Martin v. Industrial Commission
In Martin v. Industrial Commission, 75 Ariz. 403, 257 P.2d 596 (1953), a worker died of carbon monoxide poisoning after business hours while in a company truck on the employer's premises; it was unclear why the employee was there.
The court stated the sole question was whether the employee had been in the course of his employment because, if so, the poisoning would clearly arise from his employment.
The court cited Arthur Larson, The Law of Workman's Compensation (1989) as the "correct statement of the law" concerning the death presumption:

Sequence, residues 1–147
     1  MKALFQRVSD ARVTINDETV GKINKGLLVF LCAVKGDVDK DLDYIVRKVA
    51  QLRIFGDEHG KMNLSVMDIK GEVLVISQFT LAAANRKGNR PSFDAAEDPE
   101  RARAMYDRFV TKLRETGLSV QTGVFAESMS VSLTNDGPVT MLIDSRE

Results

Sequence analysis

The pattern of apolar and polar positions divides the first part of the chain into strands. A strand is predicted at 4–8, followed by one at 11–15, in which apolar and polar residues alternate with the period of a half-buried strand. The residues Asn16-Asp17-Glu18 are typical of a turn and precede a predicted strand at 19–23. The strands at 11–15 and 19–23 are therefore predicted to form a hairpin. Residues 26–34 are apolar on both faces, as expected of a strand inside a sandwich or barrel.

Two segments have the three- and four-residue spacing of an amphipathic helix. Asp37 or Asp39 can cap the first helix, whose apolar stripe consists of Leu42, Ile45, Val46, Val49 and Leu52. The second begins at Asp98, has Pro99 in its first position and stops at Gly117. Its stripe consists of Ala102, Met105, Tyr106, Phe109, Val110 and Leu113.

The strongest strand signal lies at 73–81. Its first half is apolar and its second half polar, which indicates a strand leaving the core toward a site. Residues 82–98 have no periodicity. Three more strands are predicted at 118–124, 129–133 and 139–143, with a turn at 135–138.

"When an employee is found dead under circumstances indicating that death took place within the time and space limits of the employment, in the absence of any evidence of what caused the death most courts will indulge a presumption or inference that the death arose out of the employment." Martin, 75 Ariz. at 411, 257 P.2d at 601.